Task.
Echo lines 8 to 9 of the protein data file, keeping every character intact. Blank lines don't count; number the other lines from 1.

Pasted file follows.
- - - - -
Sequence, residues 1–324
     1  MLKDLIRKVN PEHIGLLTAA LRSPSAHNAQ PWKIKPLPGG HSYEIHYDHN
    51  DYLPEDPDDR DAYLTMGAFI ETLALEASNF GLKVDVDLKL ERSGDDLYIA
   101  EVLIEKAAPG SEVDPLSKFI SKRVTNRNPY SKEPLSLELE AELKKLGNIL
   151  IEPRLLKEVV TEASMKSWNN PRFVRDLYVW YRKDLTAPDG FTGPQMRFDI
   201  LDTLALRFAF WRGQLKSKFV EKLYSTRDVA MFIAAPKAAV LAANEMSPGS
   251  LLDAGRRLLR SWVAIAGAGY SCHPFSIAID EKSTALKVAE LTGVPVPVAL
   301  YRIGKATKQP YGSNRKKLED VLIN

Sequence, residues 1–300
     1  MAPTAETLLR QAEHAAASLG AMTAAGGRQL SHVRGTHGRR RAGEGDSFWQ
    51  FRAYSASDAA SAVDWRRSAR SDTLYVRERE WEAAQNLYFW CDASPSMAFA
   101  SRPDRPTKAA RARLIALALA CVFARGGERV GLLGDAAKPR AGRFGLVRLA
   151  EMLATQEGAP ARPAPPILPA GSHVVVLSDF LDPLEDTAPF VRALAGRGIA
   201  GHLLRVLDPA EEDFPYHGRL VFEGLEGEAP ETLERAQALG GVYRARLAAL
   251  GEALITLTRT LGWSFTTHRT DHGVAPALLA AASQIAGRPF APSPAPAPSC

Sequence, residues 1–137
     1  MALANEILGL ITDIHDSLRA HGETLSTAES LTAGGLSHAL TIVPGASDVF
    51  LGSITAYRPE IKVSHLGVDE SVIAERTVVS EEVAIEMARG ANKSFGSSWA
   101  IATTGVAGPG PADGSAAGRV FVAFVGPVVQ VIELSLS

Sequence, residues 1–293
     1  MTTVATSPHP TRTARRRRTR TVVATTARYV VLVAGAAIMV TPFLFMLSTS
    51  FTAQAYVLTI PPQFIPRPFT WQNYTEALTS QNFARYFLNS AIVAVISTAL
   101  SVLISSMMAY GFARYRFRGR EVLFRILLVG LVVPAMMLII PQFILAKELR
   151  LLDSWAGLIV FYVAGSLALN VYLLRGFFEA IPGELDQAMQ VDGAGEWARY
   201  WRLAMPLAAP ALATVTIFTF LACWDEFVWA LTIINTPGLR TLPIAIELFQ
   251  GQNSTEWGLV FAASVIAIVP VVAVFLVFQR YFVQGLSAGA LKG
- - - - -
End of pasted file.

   301  YRIGKATKQP YGSNRKKLED VLIN

Sequence, residues 1–300